Monk: Even before the effects of Covid-19 crippled the restaurant industry across the US, it was a pretty eventful first quarter in Charlotte barbecue with some good and some bad. Here’s a rundown of all the news and notable happenings from the first three months of the year.
1/3 Short-lived presidential candidate Mike Bloomberg stopped by Sweet Lew’s BBQ while campaigning in Charlotte
1/20 North State BBQ opened in a former Shane’s Rib Shack near Northlake Mall in north Charlotte
1/22 Jon G’s Barbecue officially announced they will be opening a brick and mortar location later this year
2/4 Peace N’ Hominy Q Shack in Belmont closes after 5+ years when the breast cancer of owner Christine Rienks returned after 12 years in remission
2/27 Jon G’s Barbecue officially announces the location of their forthcoming brick and mortar store in the old Barbee’s Barbecue in Peachland, 35 miles southeast of Charlotte
3/2 Dish, a Plaza-Midwood southern food diner purchased by Sweet Lew’s BBQ owner Lewis Donald in the fall of 2019, reopens with new sandwiches on the menu that includes turkey and pork belly smoked at the Belmont Beauty Myron Mixon smoker down the road at Sweet Lew’s
3/17 North Carolina Governor Roy Cooper declared that as of 5 p.m. March 17, restaurants must close the dining rooms, but will be able to offer takeout and delivery. All Charlotte restaurants (including barbecue) begin to either close or adjust to takeout or curbside pickup only, with no end in the foreseeable future…
Episode 106: “How Do You ‘Cue?” (Friday, May 1, 9:00-10:00 p.m. ET)
On a tour of eastern North Carolina barbecue joints, Vivian is reminded of traditions that define the area’s version of pork barbecue while being introduced to new techniques. Flipping what she already knows about ‘cue, Vivian sets out to uncover buried histories and learn about the unexpected ways different types of meat are smoked, pit-cooked, wood-fired and eaten. We learn that barbecue – both the food and the verb – cannot be pigeonholed into one definition. Starting from the whole-hog pits in her figurative backyard, Vivian explores the history of Black barbecue entrepreneurship, from the North Carolina families who started turkey barbecue to the women firing up pits in Brownsville and Memphis, Tennessee. Curious about other iterations, Vivian travels to the west coast of Florida, where a storied “Cracker” history at a smoked mullet festival drastically changes her perspective on Southern ‘cue. In Texas, robust barbecue techniques steeped in tradition are being morphed by longtime families doing what they know best. A pair of sisters in tiny San Diego, Texas add a Tejano touch to their barbecue joint menu, and two Japanese Texan brothers with a smokehouse pair brisket and bento boxes.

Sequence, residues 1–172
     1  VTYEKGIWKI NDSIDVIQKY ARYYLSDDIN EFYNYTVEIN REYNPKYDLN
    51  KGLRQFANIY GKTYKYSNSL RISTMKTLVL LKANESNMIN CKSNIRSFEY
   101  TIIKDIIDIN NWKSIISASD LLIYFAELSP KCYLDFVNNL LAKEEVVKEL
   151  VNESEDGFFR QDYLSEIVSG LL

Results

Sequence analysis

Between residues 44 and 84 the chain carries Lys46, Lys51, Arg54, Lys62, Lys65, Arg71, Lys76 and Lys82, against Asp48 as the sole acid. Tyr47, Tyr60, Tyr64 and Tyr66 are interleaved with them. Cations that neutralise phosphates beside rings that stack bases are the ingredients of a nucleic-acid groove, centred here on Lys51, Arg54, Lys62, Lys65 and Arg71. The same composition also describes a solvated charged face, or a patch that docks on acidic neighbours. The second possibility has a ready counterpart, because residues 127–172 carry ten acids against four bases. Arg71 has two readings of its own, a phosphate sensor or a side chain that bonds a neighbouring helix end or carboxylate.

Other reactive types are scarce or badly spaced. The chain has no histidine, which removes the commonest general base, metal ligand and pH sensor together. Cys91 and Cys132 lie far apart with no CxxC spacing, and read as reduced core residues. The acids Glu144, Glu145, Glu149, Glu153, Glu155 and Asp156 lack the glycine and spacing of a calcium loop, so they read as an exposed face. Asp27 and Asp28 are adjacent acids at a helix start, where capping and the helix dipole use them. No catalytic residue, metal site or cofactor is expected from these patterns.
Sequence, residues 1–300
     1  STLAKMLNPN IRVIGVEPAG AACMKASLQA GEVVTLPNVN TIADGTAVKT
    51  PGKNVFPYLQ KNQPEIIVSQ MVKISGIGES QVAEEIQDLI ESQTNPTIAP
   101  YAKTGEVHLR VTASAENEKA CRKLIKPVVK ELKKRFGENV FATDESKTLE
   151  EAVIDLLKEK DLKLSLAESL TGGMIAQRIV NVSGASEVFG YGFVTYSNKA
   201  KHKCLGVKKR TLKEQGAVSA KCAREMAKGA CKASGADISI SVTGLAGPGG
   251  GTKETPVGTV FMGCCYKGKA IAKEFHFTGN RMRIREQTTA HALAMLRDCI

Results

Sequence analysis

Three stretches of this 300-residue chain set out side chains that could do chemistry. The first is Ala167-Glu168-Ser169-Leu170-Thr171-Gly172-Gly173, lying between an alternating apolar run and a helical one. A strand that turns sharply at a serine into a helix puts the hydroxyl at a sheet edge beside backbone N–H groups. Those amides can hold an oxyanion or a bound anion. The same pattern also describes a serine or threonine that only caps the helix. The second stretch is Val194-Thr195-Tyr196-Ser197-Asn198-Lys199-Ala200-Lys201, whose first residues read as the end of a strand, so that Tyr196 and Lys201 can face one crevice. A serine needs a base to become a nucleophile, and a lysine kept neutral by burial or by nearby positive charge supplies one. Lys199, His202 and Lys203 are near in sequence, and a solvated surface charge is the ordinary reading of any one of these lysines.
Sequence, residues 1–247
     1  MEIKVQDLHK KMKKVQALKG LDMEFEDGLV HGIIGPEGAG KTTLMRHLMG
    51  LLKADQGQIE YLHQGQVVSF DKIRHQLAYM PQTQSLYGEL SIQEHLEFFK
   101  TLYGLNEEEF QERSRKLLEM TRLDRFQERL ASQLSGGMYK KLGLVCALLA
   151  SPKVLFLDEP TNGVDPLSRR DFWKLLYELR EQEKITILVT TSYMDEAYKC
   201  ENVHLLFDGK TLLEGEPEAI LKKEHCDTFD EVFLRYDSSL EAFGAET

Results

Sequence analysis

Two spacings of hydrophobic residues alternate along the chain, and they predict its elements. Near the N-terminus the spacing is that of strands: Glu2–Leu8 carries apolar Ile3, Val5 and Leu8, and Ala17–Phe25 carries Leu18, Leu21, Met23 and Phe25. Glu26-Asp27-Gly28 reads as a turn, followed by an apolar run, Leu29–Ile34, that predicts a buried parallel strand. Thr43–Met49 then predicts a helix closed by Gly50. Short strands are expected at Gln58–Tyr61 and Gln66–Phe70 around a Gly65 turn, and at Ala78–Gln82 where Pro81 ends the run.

Dish was purchased by Sweet Lew’s BBQ owner Lewis Donald last fall and reopened this week with sandwiches on the menu that include turkey and pork belly smoked at Sweet Lew’s BBQ
Details on Hogs for the Cause, happening later this month in New Orleans
Prime Barbecue and Cut & Gather are included on Eater Carolinas’ 5 most anticipated restaurants list
Texas Monthly Barbecue Editor went on a mollejas hunt in South Texas
Monk: Bryan Furman, pitmaster of B’s Cracklin’ Barbeque and a 2019 Food & Wine Best New Chef, was back in Charlotte last weekend though it was not to continue scouting Charlotte for locations for expansion as far as I’m aware (unfortunately). It was, however, for a “BBQ Takeover” at Sweet Lew’s BBQ – think a tap takeover at a bar, but for barbecue. That Sunday, DJ Smitty was providing tunes on the patio, Birdsong Brewing was serving beer outside, smoked oysters were a special on the menu, and the line may have been slightly longer than normal but other than that it was more or less business as usual, just with Furman’s very good barbecue instead of Sweet Lew’s also very good barbecue.
The real boon for Charlotte’s burgeoning barbecue community didn’t take place that day but instead the night before, and I was sad to be out of town and unable to experience first hand. There, in the parking lot of Sweet Lew’s, some of Charlotte’s best pitmasters hung out, sampled each other’s barbecue, and assisted Furman in the smoking of several whole hogs. Garren Kirkman from Jon G’s Barbecue brought his brisket and Cheerwine hot links, Michael Wagner and Matthew Berry from Midwood Smokehouse brought their mobile BQ smoker to help smoke hogs, and of course Lewis Donald was there as the gracious host.
I have spoken separately with Midwood Smokehouse’s Wagner and Berry and Garren from Jon G’s about the lack of a cohesive Charlotte barbecue community, and this is certainly a step in the right direction to say the least. FS Food Group (the parent company of Midwood Smokehouse) Brand Director Rémy Thurston has recently mentioned to me that they want to be on the forefront of making Charlotte a true barbecue city, and some things may be in the works to bring these pitmasters (and perhaps more) back together sooner rather than later. All of this makes me hopeful that Charlotte barbecue is on the upswing and I truly believe that the best things are yet to come. World, you are on notice.